Things Academic 261
Until the sixties, when the total library budget had grown to
$127,690, the facility remained essentially an undergraduate collec-
tion, but in that decade momentous things began to happen. As a
prelude to the resumption of graduate studies in 1961, the Mc-
Cutcheon-Carmichael study had recommended greatly increased
spending for books and other materials with the concurrent ap-
pointment of a director of libraries who would correlate all of the
college libraries, including legal and medical, into one complete plan
of service. Dr. William H. Jesse, then director of libraries at the
University of Tennessee, was the consultant who did the major
portion of the library study, and the master report incorporated most
of his recommendations. He found the library staff undermanned and
underpaid, and in addition to the provision for the new director, he
proposed that professional librarians be placed in charge of the order
department and in the service areas. He called for a $600,000 library
budget with $200,000 to go for books and periodicals, urged the
adoption of an open-stack policy, and suggested that the Dewey
Decimal book-classification system be abandoned in favor of that of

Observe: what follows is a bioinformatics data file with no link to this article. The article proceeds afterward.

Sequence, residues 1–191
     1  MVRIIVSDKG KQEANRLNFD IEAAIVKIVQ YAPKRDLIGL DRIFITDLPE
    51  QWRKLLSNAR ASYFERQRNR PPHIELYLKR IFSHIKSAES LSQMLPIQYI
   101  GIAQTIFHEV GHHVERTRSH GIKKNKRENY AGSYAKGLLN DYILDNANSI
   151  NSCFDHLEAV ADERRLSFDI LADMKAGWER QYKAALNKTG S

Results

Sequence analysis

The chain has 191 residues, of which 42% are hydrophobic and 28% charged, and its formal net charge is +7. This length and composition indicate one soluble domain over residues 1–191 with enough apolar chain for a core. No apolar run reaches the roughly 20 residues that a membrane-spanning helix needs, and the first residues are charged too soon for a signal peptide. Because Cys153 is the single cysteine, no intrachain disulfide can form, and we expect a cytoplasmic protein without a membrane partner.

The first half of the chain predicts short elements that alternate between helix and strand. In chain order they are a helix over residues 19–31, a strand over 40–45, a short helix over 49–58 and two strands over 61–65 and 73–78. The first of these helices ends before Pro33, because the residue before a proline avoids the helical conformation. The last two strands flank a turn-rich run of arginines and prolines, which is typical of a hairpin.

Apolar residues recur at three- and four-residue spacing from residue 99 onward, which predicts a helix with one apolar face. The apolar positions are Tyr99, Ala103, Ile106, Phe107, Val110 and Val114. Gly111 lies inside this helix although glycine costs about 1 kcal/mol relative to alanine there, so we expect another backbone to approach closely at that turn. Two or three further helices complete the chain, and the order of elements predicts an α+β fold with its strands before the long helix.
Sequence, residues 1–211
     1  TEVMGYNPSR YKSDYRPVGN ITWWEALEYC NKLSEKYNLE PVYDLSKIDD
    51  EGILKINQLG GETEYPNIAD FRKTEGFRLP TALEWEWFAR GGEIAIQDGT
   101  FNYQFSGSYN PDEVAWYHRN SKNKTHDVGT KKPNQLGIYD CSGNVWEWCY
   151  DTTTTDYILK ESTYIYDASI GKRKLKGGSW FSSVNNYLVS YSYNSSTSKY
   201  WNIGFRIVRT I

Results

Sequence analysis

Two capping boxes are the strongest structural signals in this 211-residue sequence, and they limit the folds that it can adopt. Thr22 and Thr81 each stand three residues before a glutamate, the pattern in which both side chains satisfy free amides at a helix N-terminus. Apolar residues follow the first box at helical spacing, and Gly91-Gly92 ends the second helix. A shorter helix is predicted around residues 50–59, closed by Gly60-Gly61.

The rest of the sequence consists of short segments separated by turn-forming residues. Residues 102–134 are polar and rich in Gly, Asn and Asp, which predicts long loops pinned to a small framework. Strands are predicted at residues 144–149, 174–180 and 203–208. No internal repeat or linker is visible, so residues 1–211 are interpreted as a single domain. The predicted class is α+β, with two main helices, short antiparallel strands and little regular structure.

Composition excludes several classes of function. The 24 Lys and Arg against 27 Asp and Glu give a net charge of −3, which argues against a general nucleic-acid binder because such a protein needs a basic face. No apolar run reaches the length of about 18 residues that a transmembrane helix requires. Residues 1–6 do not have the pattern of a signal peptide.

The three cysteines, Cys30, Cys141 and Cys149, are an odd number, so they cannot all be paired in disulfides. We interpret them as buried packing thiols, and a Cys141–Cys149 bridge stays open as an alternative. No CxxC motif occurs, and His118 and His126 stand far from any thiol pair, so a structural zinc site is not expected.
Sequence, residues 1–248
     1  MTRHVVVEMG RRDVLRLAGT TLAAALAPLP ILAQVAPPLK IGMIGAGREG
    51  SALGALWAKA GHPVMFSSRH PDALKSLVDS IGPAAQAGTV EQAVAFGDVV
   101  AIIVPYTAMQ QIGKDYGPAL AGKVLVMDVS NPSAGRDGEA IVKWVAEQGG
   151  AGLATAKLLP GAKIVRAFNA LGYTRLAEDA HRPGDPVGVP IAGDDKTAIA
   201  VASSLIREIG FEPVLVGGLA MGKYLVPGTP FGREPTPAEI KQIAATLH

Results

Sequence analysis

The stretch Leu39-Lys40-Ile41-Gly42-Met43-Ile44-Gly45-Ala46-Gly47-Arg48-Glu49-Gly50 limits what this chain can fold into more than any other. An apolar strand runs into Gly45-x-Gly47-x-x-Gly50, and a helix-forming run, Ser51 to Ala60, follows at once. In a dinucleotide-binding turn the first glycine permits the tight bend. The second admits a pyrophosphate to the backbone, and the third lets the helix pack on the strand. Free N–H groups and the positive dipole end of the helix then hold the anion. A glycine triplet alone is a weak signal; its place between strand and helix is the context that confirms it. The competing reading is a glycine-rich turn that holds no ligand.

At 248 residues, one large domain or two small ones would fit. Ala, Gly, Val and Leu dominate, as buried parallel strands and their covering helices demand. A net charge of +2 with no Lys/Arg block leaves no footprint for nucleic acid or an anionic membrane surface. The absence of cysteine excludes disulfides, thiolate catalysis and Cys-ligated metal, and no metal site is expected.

the Library of Congress.
In his projected $72-million long-range plan for the college, Dr.
Tribble had envisioned $7 million as library endowment. With this
ultimate goal in mind, the trustees appropriated $125,000 for books
and periodicals in the 1964-65 budget, and the following year
$205,000 was set aside for purchases. The salary budget, however,
did not increase so rapidly.
In the fall of 1964 Dr. Merrill G. Berthrong, who held a doctorate in
history from the University of Pennsylvania and who had served for
ten years as a member of the library staff at that institution, was
appointed director of libraries at Wake Forest. He also was made an
associate professor in the Department of History, where his specialty
was the social and intellectual history of modern Europe. At the time
of his accession library holdings were growing by as much as thirty-
thousand volumes annually, and he moved quickly to implement
many of the recommendations in the McCutcheon-Carmichael report.
A professional order librarian and a rare books librarian were at work
in 1966, and a professional micro-text librarian was appointed in 1967
as the technical processing of non-book materials began to figure
more prominently in library operations. An open-stack policy was
inaugurated in 1965, with controlled ac-
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